In our ongoing series, Interview with an Architect, we speak with leading voices in the North Texas architecture community and learn about their work, development issues in our community, and good design practices and principals (you can read the last one here).
Robert W. Raymond, AIA, moved to Dallas in 1981 after completing his Masters in Architecture at the University of Michigan. He has never lived more than a few blocks from White Rock Lake in East Dallas, where he built his family’s home and made the transition to residential architecture in 2000.
“The house turned out great and my wife and daughters are still speaking to me,” he said.
With his firm, Raymond Design, he has built houses in neighborhoods ranging from Preston Hollow and the Peninsula, to Richardson and Southlake.
He was named Young Architect of the Year in 1989 by the Dallas chapter of the American Institute of Architecture, served on the board of trustees of the Dallas Architectural Foundation from 2004 to 2006, and has served on the board of trustees of the White Rock Lake Conservancy from 2008 to present.
CandysDirt: You spent 20 years working on big buildings, like hotels and hospitals, moving into residential design in 2000 by designing and building your family house. What appeals to you about residential architecture?
Rob Raymond: There are two main reasons. First, the ability to work from beginning to end on a project, from the initial concept to final construction.
Second, and most rewarding, is working so closely with the client on projects that are near and dear to them. With corporate clients building hotels or hospitals, it’s a business transaction and commercial architecture, in a big firm, is more specialized and compartmentalized. You rarely get the chance to go from inception of idea to ribbon cutting.
With residential architecture, I’m usually working with couples and I joke that it’s part residential architecture and part marriage counseling. It’s fun to get to know people, understand them, and connect with them.
CD: How do you help clients discern what it is exactly they want?
RR: The website Houzz is an excellent tool. Most folks, by the time they’re ready to hire an architect, have built a Houzz ideabook and the beginning point of design is much further along than it used to be. Houzz has several million pictures, so we can accelerate the image communication. The key is making sense of any conflicting images—what aspect of this image appeals to the person? Folks don’t always use the right language or use the right terms. Is it the big windows or the way the light comes in? I work with them to synthesize the aspects of each image they like into a composite design.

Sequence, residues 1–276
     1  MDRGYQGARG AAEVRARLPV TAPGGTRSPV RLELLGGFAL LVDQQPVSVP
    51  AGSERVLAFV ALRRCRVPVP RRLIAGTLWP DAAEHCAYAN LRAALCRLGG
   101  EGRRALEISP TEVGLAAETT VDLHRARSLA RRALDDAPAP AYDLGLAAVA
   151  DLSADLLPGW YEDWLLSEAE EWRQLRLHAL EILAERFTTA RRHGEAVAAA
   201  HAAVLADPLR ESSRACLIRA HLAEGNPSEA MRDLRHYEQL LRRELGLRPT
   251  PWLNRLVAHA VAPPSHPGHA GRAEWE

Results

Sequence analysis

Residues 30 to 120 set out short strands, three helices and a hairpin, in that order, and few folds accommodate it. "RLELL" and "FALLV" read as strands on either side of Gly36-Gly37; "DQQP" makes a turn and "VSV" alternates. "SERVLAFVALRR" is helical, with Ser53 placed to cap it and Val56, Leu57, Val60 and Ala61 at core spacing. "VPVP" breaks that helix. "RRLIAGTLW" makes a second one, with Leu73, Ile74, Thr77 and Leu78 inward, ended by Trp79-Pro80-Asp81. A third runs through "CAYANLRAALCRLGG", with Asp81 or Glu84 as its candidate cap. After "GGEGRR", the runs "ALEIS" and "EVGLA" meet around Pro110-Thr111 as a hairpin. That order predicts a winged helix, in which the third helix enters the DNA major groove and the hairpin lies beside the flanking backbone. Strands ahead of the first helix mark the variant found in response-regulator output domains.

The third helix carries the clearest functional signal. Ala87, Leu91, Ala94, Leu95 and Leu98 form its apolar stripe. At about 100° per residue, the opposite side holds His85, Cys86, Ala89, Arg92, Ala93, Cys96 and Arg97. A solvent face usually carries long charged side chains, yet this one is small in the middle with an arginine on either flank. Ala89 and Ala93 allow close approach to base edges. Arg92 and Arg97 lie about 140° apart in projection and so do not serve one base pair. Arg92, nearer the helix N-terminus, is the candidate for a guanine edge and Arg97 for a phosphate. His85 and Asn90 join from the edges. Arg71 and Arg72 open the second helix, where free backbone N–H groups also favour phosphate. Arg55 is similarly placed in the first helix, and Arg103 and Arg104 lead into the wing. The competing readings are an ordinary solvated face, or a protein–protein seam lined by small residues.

CD: One of your design mantras is “appropriate design” instead of trendy design. How can people get a timeless look when so much of the marketplace is directed toward trends?
RR: They have to be brave and confident to feel comfortable that what they are choosing is right for them. Some of that falls back onto me to communicate the sort of essence of contemporary architecture to them. First, design the building to be appropriate for the site. Apply basic concepts of light, proportion, scale, and appropriate materials for both exterior and interior. Use simple forms and chances are pretty good you will end up with timeless, not trendy.
From my time in commercial world, I learned to keep the building and room volumes fairly simple. I typically use deeper structural members to clear-span the interior spaces so there are no load-bearing interior walls. Thus, any future renovations have a lot more flexibility. In this way, I design flexibility into the basic structure and help it stay appropriate, no matter the era or trend.
CD: You have a keen interest in the environment and pursuing sustainable design principles as fully as possible in all types of projects. Tell us about how that shows up in your work.
RR: That goes way back to when I was in high school and we had the 1973 OAPEC oil embargo and there were lines outside the gas stations two miles long. I’m also a fly fisherman and my family hikes and spends a lot of time outside. I’ve read every book I can about the history of water development and oil and gas development, and lots of books about natural systems such as prairies, rivers, wetlands, and so on.
This naturally led to an interest in our renewable resources. We waste so much energy and water. I’m not anti-development, but we have got to be more intentional and forward-thinking in our decisions to consume resources.
The Belmont house I built was a spec house and it is LEED platinum certified. I was developer and architect on that because I wasn’t seeing enough builders in the Dallas doing true green/high-performance homes at market-rate prices. That house cost just $100 a square foot.